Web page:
AA: I'm Avi Arditti with Rosanne Skirble, and this week on Wordmaster -- Slangman David Burke is with us from Los Angeles to have some fun with insults in American English.
RS: It seems our buddy Slangman has gotten another outrageous -- and totally fictitious -- letter from his mother, an 80-year-old widow whose sister likes to set her up on dates (that much is true!)
SLANGMAN: " 'My dear son, Slangman. I'm never going to trust your Aunt Ruth again. I agreed to go on a date with her butcher. I should have known it would be a mistake when she described him as having a "great personality."' (Laughter) I love this description for someone. If someone is not attractive, they have a -- "
RS: "Great personality!"
SLANGMAN: "'And he was nothing but a bean pole with chicken legs.'"
RS: "Oh, that's great."
SLANGMAN: "Now a bean pole is a pole you would put in the ground and then you would try to put the bean stalk around this very thin pole. That's how you make the beans grow. Now if a man is described as having chicken legs, that's not good. A lot of guys who work out with weights, they forget their legs, and they're considered as having chicken legs, because a chicken is big with little teeny legs. 'Well, I looked like a tub of lard next to him.' Now a tub of lard -- lard is fat, and somebody who is fat is considered a tub of lard, or we even say in slang a 'fatso.' Again, another mild insult."
AA: "Well, that's not so mild, gosh, if you called someone a fatso."
SLANGMAN: "If you refer to the person as that, but not letting that person hear what you're saying -- "
SLANGMAN: " ... it would be mild. But any of these insults, you don't really want to say to a person, because they're offensive. But they're not terribly, terribly offensive."
RS: "No, they're not terribly offensive, but then again you should be cautioned not to direct these directly at someone, to call them a tub of lard or a fatso. It wouldn't be taken too ... "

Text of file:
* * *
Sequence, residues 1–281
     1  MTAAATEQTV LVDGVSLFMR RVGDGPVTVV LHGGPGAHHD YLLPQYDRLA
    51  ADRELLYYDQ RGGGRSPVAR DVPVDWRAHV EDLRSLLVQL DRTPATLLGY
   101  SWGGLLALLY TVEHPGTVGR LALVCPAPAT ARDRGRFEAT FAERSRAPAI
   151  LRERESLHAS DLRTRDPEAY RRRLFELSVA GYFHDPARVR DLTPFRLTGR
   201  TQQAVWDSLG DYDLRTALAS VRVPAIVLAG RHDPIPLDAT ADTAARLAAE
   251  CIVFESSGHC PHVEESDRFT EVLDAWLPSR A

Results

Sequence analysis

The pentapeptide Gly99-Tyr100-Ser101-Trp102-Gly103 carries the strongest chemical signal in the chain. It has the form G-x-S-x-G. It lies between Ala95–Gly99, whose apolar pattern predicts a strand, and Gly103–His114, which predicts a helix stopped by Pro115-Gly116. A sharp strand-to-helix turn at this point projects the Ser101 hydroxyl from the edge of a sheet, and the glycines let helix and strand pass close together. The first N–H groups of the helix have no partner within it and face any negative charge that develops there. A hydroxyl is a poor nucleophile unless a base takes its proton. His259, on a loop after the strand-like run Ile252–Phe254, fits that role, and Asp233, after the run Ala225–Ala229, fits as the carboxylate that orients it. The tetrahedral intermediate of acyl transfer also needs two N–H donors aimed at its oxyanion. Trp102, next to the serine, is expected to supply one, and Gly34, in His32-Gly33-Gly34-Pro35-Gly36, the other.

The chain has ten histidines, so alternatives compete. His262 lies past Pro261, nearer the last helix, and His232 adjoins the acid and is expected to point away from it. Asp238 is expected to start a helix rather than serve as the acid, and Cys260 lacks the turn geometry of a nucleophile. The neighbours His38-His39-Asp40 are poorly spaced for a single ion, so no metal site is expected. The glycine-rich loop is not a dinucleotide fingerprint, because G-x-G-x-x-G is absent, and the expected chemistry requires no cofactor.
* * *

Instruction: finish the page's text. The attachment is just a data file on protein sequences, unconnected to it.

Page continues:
SLANGMAN: "No, I don't think -- you definitely wouldn't want to say that to a person."
RS: "You can say them about yourself."
SLANGMAN: "Oh, exactly, that's why she says 'I looked like a tub of lard next to him,' as opposed to 'he was a tub of lard.' 'Well, the moment I saw him, I thought, "What a loser!"' -- a really popular term, has been [around] for a long time. It's someone without any good qualities. And of course nowadays what younger people do, and even not so young, we take the thumb and the first finger and make the L and hold it up to our forehead. Now you can do that at the same time as saying 'loser!'
"'I wanted to be fair, but it was clear he was a stuffed shirt just like all the other stuck-up people in that restaurant.' Now a 'stuffed shirt' -- someone who is pretentious. And 'stuck-up' also is the same thing. It means someone who is pretentious and we say 'full of themselves,' full of pride, full of bragging. They're 'full of themselves' or they're 'stuck up.' Anyway, 'the moment we sat down, he didn't stop talking about himself and his success -- what a yacker!' To yack means to talk and talk and talk and talk -- much like I'm doing now, I'm yacking. 'And he thought he was an expert on every subject.' Now what do we call someone who thinks he or she is an expert on every subject?"
AA: "A smarty-pants?"
SLANGMAN: "Very good. A smarty-pants -- and a know-it-all."
AA: "Oh, OK, sure!"
SLANGMAN: "Know-it-all. It's actually know ... it ... all, but we pronounce it know-it-all. It means someone who thinks he or she knows it all. 'Well, finally after dinner, I suggested we go dancing. He didn't want to. So I suggested we go out for coffee. He didn't want to. Well, your Aunt Ruth should know that I would never want to be with someone who is a party-pooper,' someone who doesn't want to have a good time, who rejects every suggestion about doing something fun -- that's a party-pooper.
"'Your aunt can be such a dummy sometimes.' Dummy is -- it's really mildly insulting, but we say it with affection. And dummy is very different from idiot. An idiot is really, it's ... "
AA: "Idiot is harsher than dummy."
SLANGMAN: "Exactly, it has more weight behind it. 'Well, I finally told Mr. Wonderful I had to get home to sleep because I was babysitting my 10 grandchildren in the morning. That seemed to scare him off.' Now this is interesting, 'Mr. Wonderful.' In English we tend to use more sarcasm than any other language I know of. So, of course, she's not really thinking 'Mr. Wonderful,' she's thinking 'Mr. Horrible.' But she's saying 'Mr. Wonderful.' 'Listen, I have to run. Talk to you soon, my Slangman. Love, Slangmom."
RS: That was Slangman David Burke in Los Angeles, with another tale from Slangmom. You can learn about his English teaching materials at his Web site, slangman.com. Just a warning, his newest book is called "The Slangman Guide to DIRTY ENGLISH."
AA: Our Web site is voanews.com/wordmaster and our e-mail address is firstname.lastname@example.org . With Rosanne Skirble, I'm Avi Arditti.
MUSIC: "(You Know It All) Smarty"/Bing Crosby (1937)